Latin name: Galeorhinus galeus
Size: Maximum length, nose to tail, is 2 metres. Type: This large fish is part of the shark family.
Where: Topes like seas or oceans with a moderate climate. In Jersey, this species are found offshore in the Marine Protected Areas (MPAs). The MPAs have been researched by the Blue Marine Foundation and Société Jersiaise. Sightings: Rare unless you are a keen scuba diver as this species like swimming in deep waters. Their slow growth means that this fish species takes longer to grow to maturity and reproduce. Status: Critically endangered on the International Union for Conservation of Nature’s Red List of Threatened Species, a barometer of life on our planet. These fish are becoming rarer as years go by due to over fishing.
Latin name: Haliotis tuberculata Size: Around 10 cm, depending on the age. The larger the shell, the older the ormer.
Type: This mollusc lives in areas sometimes covered by the sea. Where: Intertidal zone, under rocks on the lower shore in the Channel Islands. This species is not found in the United Kingdom. Sightings: Occasional. Caught by low water fishermen and monitored by local marine conservation experts. Status: There are less ormers reported every year. Numbers are closely monitored in the Channel Islands to determine how many can be collected.
Latin name: Xantho pilipes Size: Approximately 15 cm in length. Type: This animal is a crustacean that likes to live in areas sometimes covered by seawater.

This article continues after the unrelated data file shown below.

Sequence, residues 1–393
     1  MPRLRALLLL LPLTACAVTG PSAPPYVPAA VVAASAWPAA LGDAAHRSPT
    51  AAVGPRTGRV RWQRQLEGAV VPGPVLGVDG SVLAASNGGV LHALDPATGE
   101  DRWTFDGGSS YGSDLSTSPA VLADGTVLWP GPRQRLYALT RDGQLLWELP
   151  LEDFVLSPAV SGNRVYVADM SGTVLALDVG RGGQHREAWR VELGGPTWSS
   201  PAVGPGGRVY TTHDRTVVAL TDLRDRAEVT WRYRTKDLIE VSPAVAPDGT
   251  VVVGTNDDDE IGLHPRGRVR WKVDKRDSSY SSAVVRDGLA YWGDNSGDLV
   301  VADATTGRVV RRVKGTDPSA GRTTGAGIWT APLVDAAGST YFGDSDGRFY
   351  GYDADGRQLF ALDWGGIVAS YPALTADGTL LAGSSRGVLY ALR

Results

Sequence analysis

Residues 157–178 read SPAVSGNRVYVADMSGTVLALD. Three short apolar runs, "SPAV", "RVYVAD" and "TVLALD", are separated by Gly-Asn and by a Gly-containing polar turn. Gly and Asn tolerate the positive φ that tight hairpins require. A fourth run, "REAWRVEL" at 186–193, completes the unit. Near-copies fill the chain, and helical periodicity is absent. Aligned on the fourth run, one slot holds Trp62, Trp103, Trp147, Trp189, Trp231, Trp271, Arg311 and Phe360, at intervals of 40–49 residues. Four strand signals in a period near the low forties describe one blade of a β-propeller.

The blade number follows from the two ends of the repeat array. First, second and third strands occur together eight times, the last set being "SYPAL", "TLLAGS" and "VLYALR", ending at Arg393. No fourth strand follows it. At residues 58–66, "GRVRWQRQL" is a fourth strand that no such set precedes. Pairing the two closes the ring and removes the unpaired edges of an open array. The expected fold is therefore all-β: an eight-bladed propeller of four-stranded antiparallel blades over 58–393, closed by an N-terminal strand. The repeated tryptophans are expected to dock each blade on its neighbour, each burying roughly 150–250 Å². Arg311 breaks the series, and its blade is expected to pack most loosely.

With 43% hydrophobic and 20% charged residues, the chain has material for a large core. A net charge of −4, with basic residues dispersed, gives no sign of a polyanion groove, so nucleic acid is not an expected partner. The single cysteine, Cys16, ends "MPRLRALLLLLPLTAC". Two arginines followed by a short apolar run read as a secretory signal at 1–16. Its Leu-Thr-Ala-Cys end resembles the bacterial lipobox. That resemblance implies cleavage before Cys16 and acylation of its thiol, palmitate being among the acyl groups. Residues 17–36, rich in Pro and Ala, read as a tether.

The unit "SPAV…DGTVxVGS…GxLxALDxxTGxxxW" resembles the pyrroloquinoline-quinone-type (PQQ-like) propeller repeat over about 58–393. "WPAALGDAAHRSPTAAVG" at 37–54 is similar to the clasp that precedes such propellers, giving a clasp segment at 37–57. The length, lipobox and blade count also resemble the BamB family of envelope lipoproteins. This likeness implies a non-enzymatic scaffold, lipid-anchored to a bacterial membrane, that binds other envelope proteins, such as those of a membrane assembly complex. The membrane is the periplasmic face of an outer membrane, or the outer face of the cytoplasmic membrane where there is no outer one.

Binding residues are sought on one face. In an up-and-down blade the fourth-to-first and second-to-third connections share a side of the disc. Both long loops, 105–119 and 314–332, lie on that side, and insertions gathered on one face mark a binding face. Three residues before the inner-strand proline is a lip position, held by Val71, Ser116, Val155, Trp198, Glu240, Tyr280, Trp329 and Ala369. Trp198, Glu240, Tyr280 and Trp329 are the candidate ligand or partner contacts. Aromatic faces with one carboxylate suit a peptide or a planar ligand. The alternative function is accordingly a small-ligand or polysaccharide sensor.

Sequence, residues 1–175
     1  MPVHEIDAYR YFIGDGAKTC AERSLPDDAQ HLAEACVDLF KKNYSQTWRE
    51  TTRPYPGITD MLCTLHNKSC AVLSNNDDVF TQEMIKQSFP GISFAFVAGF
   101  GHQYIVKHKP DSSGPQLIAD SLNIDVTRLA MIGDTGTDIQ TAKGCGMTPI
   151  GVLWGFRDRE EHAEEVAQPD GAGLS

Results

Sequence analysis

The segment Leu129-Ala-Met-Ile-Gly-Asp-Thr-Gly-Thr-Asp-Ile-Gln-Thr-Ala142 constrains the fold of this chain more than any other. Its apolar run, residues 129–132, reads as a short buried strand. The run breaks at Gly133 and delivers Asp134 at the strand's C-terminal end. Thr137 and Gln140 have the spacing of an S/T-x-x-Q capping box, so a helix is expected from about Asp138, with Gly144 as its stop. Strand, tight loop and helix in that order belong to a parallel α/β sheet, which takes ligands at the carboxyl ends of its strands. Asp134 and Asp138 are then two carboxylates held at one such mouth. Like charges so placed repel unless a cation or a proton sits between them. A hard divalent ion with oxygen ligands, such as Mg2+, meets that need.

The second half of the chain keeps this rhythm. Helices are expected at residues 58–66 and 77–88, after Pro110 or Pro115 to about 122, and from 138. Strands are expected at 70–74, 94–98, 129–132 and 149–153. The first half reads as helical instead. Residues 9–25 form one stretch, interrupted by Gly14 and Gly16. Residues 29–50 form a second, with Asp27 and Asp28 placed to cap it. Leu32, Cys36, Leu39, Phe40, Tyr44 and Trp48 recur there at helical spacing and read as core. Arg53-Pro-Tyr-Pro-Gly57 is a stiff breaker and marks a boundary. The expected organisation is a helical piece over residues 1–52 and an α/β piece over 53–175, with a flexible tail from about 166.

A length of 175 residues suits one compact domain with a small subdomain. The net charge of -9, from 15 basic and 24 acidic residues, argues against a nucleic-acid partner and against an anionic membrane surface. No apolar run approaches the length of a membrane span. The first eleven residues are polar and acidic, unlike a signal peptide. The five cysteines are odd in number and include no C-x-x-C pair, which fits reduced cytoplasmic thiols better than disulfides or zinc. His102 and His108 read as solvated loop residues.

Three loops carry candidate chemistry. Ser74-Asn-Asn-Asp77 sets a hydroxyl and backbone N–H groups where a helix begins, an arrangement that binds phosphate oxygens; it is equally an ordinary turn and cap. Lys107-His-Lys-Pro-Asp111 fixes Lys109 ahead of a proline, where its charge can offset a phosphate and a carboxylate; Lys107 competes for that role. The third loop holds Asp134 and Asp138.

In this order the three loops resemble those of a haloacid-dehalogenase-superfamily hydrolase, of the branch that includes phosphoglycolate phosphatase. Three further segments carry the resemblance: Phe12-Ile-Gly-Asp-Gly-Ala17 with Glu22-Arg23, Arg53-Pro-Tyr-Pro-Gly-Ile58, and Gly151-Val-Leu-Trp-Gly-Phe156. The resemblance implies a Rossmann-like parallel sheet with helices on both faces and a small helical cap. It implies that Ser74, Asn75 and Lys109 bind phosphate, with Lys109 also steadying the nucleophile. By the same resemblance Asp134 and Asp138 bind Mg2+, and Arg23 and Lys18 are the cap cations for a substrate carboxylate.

Where: Intertidal zone, under rocks on the lower shore near rock pools. Sightings: Occasional. If you turn over a rock, help protect their home by putting the rock back exactly as you found it. Try exploring Jersey’s special Ramsar areas. Status: Local monitoring of this species suggests that numbers are decreasing.
HARE’S TAIL GRASS
Latin name: Lagurus ovatus Size: From 10 cm to 50 cm in height and spread. Type: This grass is a plant that grows on the land. Where: Prefers moist but well-drained soil like sand and full sun. Easily found in St Ouen’s Bay, look on the sand dunes at Les Blanches Banques or in the coastal strip along the sea wall.
Sightings: Looses leaves in autumn and winter. New leaves grow in the spring and flowers can been seen in summer. Status: Stable. This status could change as invasive plants from other countries, like garden escapee purple dewplant, are a growing conservation issue in Jersey because they can easily take over native plants.
JERSEY (LOOSE-FLOWERED) ORCHID
Latin name: Anacamptis laxiflora Size: Up to 1 metre in height. Type: Plant that likes to grow in damp grassland areas. Where: Damp grassland habitats like the National Trust for Jersey’s Le Noir Pré meadow at Le Mare au Seigneur Site of Special Interest in St Ouen’s Bay. This type of orchid is a continental species not present on the British mainland.
Sightings: Usually has rich pinkish purple flowers, evenly spaced on open spikes along long stalks. These orchids bloom from May through June. White and pink flower variations can be seen in the wild. Status: Thanks to the consistent management through conservation efforts there are more Jersey orchids than ever before. We all need to look after them.